- Student Dissertation or Thesis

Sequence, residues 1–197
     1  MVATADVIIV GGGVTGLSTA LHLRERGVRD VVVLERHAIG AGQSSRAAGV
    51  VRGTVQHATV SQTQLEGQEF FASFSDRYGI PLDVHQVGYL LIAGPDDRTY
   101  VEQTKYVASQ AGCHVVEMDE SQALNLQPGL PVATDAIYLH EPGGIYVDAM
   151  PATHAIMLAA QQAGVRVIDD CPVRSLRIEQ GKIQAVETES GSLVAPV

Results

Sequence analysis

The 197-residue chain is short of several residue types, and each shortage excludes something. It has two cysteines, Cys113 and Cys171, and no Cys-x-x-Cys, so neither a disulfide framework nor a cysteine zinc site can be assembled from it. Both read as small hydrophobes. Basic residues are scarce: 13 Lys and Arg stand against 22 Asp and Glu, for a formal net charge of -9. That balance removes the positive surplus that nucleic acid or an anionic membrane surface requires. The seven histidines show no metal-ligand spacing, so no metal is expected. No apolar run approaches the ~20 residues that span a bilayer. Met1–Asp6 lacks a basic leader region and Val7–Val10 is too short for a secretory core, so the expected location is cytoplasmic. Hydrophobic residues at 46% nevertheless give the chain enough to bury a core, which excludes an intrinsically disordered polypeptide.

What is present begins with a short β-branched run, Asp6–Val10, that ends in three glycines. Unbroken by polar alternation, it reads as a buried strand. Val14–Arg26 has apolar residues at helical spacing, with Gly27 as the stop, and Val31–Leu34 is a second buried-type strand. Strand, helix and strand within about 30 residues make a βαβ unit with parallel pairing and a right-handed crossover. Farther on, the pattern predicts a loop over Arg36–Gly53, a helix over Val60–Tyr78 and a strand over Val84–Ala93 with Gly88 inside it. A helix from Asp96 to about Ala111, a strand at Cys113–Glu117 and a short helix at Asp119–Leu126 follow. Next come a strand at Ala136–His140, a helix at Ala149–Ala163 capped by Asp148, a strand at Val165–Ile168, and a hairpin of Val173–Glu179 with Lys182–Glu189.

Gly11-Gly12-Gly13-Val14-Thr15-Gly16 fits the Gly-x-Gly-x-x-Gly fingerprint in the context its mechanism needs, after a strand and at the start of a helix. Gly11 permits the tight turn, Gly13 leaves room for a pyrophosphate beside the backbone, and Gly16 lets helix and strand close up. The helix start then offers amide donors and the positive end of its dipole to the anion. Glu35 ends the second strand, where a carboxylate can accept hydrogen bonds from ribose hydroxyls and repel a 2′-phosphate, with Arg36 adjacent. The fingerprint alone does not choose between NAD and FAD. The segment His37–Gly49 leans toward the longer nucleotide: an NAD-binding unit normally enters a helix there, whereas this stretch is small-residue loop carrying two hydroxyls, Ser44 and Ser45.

Ninety percent of Pakistan’s agricultural output is produced in fields irrigated by the Indus basin irrigation system, the world’s largest network of canals, dams, barrages and tubewells. River flows, primarily fed by snow and glacial melt, are highly seasonal and fluctuate between intense floods and droughts. Built storage is relatively small, with withdrawals averaging at 70% of annual availability. Climate change, growth in sectoral water demands, and changes in water management infrastructure could have a profound impact on water stress in the coming decades. The interplay and contribution of these influences is explored using a model of the managed Indus River basin. To account for key hydroclimate shifts, I translate temperature rise and glacier cover scenarios into river runoff in 2050. I also project sectoral water demands to 2050. I then use an optimization model to estimate dam releases and project water stress to 2050. I find that climate change will cause decreases in peak river flows, but the changes in runoff will be comparable to current interannual variability. The most significant increase in water stress is caused by a scenario of 1-2.5°C warming and 1% annual glacial retreat. However, rises in demand have a greater impact on water stress than climate-induced changes in runoff which can be either positive or negative. The stabilization of global greenhouse gas emissions checks the rise in water demand and thus lowers future water stress. Effective adaptation options to an increase in water stress include building more storage capacity, relaxation of water allocation to allow interprovincial water trading, and adaptation of the cropping calendar to the natural hydrological cycle.